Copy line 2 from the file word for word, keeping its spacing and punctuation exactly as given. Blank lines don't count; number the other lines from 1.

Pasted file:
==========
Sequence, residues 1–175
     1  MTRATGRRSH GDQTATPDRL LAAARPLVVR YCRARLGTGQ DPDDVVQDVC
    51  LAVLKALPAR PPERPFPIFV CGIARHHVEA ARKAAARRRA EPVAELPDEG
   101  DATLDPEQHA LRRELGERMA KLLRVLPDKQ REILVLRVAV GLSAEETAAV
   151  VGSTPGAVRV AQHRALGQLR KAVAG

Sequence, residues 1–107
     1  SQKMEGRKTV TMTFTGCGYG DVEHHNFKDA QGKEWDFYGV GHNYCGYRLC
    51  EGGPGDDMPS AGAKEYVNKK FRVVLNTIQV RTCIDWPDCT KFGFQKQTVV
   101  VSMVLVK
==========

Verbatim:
     1  MTRATGRRSH GDQTATPDRL LAAARPLVVR YCRARLGTGQ DPDDVVQDVC